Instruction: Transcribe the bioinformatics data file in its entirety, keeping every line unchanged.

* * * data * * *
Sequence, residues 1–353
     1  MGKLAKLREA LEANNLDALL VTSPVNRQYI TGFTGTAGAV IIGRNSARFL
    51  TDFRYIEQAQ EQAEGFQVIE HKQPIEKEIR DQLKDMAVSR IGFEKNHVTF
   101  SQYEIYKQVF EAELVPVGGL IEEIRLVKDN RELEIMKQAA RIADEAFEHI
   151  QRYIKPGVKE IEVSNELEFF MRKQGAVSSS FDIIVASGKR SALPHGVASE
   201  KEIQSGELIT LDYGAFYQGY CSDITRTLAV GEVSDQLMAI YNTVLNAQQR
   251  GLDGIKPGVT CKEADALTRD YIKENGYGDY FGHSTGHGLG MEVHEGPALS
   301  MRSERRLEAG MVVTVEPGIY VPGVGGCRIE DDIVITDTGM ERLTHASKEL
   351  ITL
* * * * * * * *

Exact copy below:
Sequence, residues 1–353
     1  MGKLAKLREA LEANNLDALL VTSPVNRQYI TGFTGTAGAV IIGRNSARFL
    51  TDFRYIEQAQ EQAEGFQVIE HKQPIEKEIR DQLKDMAVSR IGFEKNHVTF
   101  SQYEIYKQVF EAELVPVGGL IEEIRLVKDN RELEIMKQAA RIADEAFEHI
   151  QRYIKPGVKE IEVSNELEFF MRKQGAVSSS FDIIVASGKR SALPHGVASE
   201  KEIQSGELIT LDYGAFYQGY CSDITRTLAV GEVSDQLMAI YNTVLNAQQR
   251  GLDGIKPGVT CKEADALTRD YIKENGYGDY FGHSTGHGLG MEVHEGPALS
   301  MRSERRLEAG MVVTVEPGIY VPGVGGCRIE DDIVITDTGM ERLTHASKEL
   351  ITL